Caversham Heights

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Caversham Heights
Harrogate Road, Caversham Heights - geograph.org.uk - 616927.jpg
Harrogate Road
Caversham Heights is located in Berkshire
Caversham Heights
Caversham Heights
Caversham Heights shown within Berkshire
OS grid referenceSU702757
Unitary authority
Ceremonial county
Region
CountryEngland
Sovereign stateUnited Kingdom
Post townREADING
Postcode districtRG4
Dialling code0118
PoliceThames Valley
FireRoyal Berkshire
AmbulanceSouth Central
EU ParliamentSouth East England
UK Parliament
List of places
UK
England
Berkshire
51°28′34″N 0°59′20″W / 51.476°N 0.989°W / 51.476; -0.989Coordinates: 51°28′34″N 0°59′20″W / 51.476°N 0.989°W / 51.476; -0.989

Caversham Heights is a residential area within Caversham in the English Royal County of Berkshire (until 1911, in Oxfordshire). Today Caversham is a northern suburb of the larger town of Reading. Caversham Heights has no formal boundaries, but the name usually refers to that part of Caversham situated on higher ground to the west of central Caversham, straddling the Woodcote Road (A4074).[1] House prices in Caversham Heights are among the highest in Reading.

History[edit]

Although finds on Chazey Road and Conisboro Avenue hint at human habitation dating back to pre-history, Caversham Heights expanded slowly and only really experienced significant growth beginning in the Victorian era, as such most of the homes are late nineteenth and twentieth-century. In the 1930s an apple orchard was felled and built upon to become the Woodcote Way, Geoffreyson Road and Shepherds Lane area and later still a nearby gravel mine was redeveloped to become what is now Silverthorne Drive, Queensborough Drive and Carlton Road.

Caversham Heights is home to St. Anne's Well, once a popular destination for pilgrims and sicklings since Anglo-Saxon times. First mentioned in the Cartulary of Nutley Abbey in 1106, it was lost during the Dissolution of the Monasteries or shortly thereafter until being rediscovered by workmen in 1906.

Amenities[edit]

There are two recreation grounds in Caversham Heights, and two golf courses and a health club with swimming pool just outside Caversham Heights in neighbouring South Oxfordshire.

The Albert Road recreation area provides public tennis courts, and is home to a bowling club and a croquet club. The other is the larger Mapledurham Playing Fields, which also offers tennis courts as well as several football pitches and a combined outdoor basketball/5 a-side football court.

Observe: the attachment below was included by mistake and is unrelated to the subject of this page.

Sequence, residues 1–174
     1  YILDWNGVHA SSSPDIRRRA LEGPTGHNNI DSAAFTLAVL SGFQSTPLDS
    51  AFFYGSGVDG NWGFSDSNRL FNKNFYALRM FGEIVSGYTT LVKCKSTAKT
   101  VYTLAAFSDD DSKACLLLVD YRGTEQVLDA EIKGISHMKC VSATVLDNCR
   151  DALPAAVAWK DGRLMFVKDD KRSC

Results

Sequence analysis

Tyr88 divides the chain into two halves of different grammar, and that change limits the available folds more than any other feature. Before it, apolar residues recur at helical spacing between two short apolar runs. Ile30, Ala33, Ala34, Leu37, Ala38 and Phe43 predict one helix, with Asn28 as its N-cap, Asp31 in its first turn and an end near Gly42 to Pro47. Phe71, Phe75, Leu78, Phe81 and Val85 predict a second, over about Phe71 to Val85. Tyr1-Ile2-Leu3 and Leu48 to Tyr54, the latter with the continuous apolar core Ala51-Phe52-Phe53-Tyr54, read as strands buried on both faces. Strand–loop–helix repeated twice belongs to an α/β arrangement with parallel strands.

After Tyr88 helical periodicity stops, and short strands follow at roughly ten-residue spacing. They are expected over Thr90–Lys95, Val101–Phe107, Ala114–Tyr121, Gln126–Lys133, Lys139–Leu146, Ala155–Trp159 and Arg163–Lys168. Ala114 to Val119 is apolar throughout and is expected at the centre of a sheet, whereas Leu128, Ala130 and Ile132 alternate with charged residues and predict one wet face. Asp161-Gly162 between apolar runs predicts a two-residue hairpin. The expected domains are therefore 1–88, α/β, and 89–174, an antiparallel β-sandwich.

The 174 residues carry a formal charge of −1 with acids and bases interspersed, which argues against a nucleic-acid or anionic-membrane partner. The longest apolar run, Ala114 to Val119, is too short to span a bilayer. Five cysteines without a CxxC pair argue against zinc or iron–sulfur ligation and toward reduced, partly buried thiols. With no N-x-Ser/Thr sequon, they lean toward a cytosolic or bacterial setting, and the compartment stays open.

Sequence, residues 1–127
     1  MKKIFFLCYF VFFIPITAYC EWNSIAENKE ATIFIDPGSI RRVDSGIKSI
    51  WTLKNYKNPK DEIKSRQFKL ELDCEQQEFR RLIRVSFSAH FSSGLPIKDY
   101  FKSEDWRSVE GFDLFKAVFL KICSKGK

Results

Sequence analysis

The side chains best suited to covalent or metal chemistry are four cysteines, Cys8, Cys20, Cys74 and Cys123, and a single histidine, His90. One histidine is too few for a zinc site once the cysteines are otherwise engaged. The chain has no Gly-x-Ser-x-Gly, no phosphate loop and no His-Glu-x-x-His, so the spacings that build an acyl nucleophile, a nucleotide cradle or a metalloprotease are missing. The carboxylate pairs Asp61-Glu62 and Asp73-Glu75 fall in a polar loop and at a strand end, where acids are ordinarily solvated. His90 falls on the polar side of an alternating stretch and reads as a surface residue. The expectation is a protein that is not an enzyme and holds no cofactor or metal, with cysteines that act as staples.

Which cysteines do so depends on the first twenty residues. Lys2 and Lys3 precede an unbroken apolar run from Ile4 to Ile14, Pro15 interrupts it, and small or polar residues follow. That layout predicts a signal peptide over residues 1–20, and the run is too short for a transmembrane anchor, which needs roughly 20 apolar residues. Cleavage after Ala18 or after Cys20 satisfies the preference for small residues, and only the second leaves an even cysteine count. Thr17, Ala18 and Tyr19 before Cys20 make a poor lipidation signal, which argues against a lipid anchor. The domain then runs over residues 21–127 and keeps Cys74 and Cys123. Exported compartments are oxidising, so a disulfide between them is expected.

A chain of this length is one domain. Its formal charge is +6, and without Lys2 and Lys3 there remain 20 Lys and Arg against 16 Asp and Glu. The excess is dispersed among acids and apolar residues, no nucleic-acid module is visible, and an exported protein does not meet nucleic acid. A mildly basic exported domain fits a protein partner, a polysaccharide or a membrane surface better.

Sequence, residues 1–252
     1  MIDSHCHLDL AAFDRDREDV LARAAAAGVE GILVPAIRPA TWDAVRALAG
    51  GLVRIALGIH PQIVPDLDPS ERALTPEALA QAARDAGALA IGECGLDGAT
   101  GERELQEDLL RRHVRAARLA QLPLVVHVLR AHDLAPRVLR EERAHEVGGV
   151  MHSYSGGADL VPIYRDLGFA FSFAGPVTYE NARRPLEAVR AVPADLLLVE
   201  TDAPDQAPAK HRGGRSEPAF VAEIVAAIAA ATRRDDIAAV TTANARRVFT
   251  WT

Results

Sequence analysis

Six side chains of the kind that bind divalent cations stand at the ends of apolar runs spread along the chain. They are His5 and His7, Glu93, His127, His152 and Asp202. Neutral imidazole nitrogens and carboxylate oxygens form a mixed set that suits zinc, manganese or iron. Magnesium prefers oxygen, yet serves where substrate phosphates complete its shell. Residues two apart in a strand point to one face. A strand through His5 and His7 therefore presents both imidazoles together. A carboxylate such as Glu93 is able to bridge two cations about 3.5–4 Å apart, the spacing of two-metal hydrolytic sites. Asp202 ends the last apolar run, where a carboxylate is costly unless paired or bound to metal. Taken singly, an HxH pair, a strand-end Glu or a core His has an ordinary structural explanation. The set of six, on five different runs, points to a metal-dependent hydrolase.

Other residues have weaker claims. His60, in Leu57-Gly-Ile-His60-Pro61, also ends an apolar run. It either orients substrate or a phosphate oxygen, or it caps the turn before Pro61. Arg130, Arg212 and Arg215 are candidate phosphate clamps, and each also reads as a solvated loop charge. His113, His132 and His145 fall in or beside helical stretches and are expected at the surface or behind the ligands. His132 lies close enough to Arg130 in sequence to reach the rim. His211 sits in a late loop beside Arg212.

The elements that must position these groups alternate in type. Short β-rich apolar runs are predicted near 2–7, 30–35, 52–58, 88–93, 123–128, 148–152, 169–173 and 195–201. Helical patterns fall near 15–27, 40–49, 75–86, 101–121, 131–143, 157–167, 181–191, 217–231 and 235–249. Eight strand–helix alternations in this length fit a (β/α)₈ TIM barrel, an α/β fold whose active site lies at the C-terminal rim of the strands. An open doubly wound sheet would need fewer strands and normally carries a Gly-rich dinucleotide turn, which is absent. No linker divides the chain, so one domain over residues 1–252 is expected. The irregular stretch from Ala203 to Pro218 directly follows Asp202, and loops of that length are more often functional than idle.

Caversham Lawn Tennis Club, formed in the early 1900s, can be found on Queensborough Drive .

Caversham Heights only has one public house, for many decades named The Grosvenor but (after refurbishment in 2017) now known as The Caversham Rose, on Kidmore Road. Two roadside pubs on the A4074 also serve the area: the Pack Saddle, 250 meters north of the Royal County of Berkshire boundary, and The Pack Horse a few miles further along the road.

The area has two convenience stores, Conisboro Stores and Woodcote Way News.

Governance[edit]

Caversham Heights lies entirely within the Mapledurham and Thames wards of the borough of Reading. As a unitary authority, the borough is responsible for all aspects of local government within the area. The area is within the Reading East parliamentary constituency and the South East England European constituency.[2]

Fiction[edit]

A fictionalised Caversham Heights is the central theme of the book The Well of Lost Plots by Jasper Fforde.

Notable residents[edit]

Rudolph Walker - EastEnders character Patrick Trueman.

Tracy Shaw - Coronation Street character Maxine Peacock.

In the first half of the 20th Century The Aga Khan owned a residence on Richmond Road. He also owned stables in nearby Oxfordshire.

Alma Cogan the "Girl with the Giggle in Her Voice" lived on Geoffreyson Road whilst attending St Joseph's Convent School in Reading .

References[edit]

  1. ^ Ordnance Survey (2006). OS Explorer Map 159 - Reading. ISBN 0-319-23730-3.
  2. ^ "RBC Wards 2004 A4" (PDF). Reading Borough Council. 2004. Archived from the original (PDF) on 2011-08-07. Retrieved 2008-02-14.